Trends may be synonymous with style and even influence your purchase decisions to an extent, but fashion isn't restricted to it anymore. The fashion sphere is growing rapidly and there's a growing interest in Indian handloom, traditional weaves and eco-friendly textiles. Renowned Indian fashion designer Anita Dongre delves more on this in an email interview with IANS.
Says Dongre, "There has been a significant growth in interest in handloom, eco-friendly textiles and traditional weaves in recent years. Today, fashion is no longer limited to just trends and innovative designs. It is also a means to encourage conversations on sustainable choices." She goes on to add, "The active involvement and thoughtful initiatives of the government have accelerated the spread of this awareness. A lot of mainstream designers are creating conscious fashion using Indian textiles and crafts."
On how these changes are slowly yet steadily coming about, Dongre points out that fashion schools are also doing fantastic work in sensitizing the design community to several relevant issues. "I'm grateful to see that people are now using their wallets to demand change and support indigenous textiles," she says.
In fact, it was after a conversation with the women of Self Employed Women's Association (SEWA) that her sustainable brand, Grassroot took shape. Dongre, who works closely with artisans in the villages, says, "it was important to me to help find a way to give these strong, talented women a way to economic independence accessible to them in their village. That is how my journey in sustainable fashion recognisably began."
Does Anita Dongre believe that the fashion industry is becoming more environmentally conscious? Here's what she has to say - "There is a lot more to sustainability than what meets the eye. It's a broad term that boils down to making conscious choices both as a customer and as a designer/retailer/manufacturer. I've always made these choices - we work out of ergonomic headquarters in Navi Mumbai. In terms of our creations, every part of the collection is made by hand by skilled artisans, significantly reducing carbon footprint; we even reuse water."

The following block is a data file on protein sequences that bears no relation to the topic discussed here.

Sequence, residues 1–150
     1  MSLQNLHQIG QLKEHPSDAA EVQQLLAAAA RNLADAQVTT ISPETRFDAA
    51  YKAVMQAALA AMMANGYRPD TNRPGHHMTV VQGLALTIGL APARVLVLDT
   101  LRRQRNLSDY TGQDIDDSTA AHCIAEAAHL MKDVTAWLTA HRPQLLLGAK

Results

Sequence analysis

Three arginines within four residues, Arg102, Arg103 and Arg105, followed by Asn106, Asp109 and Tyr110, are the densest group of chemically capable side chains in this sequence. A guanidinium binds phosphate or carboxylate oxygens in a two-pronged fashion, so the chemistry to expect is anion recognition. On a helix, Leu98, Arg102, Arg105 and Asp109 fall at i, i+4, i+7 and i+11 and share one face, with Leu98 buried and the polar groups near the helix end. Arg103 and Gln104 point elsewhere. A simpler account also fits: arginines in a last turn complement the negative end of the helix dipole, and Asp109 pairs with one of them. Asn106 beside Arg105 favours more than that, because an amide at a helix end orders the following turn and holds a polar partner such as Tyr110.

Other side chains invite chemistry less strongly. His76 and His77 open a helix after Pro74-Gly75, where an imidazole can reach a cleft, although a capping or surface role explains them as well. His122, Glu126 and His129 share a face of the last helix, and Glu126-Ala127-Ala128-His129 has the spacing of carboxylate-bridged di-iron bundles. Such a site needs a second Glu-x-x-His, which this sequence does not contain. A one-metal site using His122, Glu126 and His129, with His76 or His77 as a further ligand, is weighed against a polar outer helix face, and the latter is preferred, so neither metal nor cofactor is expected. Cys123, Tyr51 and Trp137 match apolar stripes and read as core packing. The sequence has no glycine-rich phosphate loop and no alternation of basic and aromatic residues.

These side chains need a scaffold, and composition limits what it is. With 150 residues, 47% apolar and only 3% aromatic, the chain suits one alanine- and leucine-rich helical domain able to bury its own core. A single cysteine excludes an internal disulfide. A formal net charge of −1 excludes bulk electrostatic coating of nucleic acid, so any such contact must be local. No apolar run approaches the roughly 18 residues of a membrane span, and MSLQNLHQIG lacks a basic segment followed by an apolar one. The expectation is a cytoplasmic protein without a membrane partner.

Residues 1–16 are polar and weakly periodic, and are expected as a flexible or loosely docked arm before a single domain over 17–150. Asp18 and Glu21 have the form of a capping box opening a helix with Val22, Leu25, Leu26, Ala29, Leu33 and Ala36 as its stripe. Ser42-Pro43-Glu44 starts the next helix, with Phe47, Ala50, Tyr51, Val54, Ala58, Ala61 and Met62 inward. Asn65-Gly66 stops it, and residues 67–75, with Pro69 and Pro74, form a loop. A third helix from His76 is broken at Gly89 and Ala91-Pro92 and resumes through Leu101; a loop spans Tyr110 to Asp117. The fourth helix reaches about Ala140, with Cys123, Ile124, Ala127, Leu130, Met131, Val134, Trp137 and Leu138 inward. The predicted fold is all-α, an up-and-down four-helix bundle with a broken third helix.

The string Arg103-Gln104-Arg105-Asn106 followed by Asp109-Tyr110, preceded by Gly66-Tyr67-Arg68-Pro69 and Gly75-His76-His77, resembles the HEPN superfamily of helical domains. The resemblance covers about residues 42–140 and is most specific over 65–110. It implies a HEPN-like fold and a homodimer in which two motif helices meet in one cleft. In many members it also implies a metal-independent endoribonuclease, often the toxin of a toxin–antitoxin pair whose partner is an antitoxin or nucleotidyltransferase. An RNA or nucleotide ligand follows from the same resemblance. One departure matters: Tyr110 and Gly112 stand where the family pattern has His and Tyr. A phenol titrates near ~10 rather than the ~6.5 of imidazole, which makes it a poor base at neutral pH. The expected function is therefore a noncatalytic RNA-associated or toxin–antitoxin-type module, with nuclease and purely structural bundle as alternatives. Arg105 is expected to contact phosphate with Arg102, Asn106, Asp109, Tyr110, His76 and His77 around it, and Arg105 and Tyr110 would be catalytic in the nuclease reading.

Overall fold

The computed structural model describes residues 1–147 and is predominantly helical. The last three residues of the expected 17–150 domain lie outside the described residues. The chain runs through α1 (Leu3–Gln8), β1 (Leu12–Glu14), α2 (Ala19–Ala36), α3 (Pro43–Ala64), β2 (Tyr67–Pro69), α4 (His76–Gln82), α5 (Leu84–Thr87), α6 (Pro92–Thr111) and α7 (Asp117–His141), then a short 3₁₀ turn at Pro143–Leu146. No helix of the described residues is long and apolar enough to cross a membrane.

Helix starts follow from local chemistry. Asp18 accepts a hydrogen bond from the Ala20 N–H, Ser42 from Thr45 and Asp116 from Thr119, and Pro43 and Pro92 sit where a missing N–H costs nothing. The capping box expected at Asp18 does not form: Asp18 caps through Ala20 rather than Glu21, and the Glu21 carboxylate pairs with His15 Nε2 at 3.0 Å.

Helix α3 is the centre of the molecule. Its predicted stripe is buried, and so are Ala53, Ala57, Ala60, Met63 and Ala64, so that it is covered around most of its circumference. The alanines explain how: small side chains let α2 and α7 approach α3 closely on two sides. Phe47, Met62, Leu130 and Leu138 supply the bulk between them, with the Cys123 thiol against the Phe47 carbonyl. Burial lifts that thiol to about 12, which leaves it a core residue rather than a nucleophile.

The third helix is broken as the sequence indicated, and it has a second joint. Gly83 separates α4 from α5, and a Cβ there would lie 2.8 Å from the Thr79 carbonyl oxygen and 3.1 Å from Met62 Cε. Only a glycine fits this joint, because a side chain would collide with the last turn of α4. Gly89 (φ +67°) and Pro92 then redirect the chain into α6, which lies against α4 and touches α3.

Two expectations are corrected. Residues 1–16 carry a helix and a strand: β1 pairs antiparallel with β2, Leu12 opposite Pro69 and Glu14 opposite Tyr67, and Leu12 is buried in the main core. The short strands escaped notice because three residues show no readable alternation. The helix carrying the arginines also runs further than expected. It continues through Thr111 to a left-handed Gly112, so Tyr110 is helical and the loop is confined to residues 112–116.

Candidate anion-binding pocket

Despite catering to the luxury fashion market, she has never used leather or fur in any of her collections. "It is completely against my beliefs as a vegetarian, it is cruel and unsustainable. My design team has strict guidelines to follow on fabric waste; I do all my sketches digitally, there is absolutely no reason to cut down trees for this. Sustainability is about paying attention to the little details," says Anita.
On the topic of organic fashion, Anita says - "Eco-apparel and organic textiles are a rapidly-growing market, which is creating opportunities for companies, employees and the environment as opposed to fast fashion that offers customers more and more clothes so that they are able to keep up with ever-evolving trends. Sustainability encourages people to buy less so that they discard less." She concludes, "The progress has been slow; more people are making these conscious choices and I have no doubt that this ''movement'' will be the new normal in the times to come."
Anita Dongre founded AND Designs India Limited in 1995, when Indian fashion was at a nascent stage. In 2015, it was rebranded to House of Anita Dongre (HOAD). Under her label, Anita has three distinct fashion brands. There's AND with western women's clothing. The second is Global Desi, with its signature bohemian-chic touch. Finally, there is Anita Dongre label with bridal, couture, pret and menswear.
Not only is Dongre is a fashion week regular, she is a favourite of numerous Bollywood celebrities from Anushka Sharma to Sonakshi Sinha. In 2016, Duchess of Cambridge, Kate Middleton famously wore Anita Dongre's designs, a printed tunic, as her choice of clothing for her trip to Mumbai.
With Inputs From IANS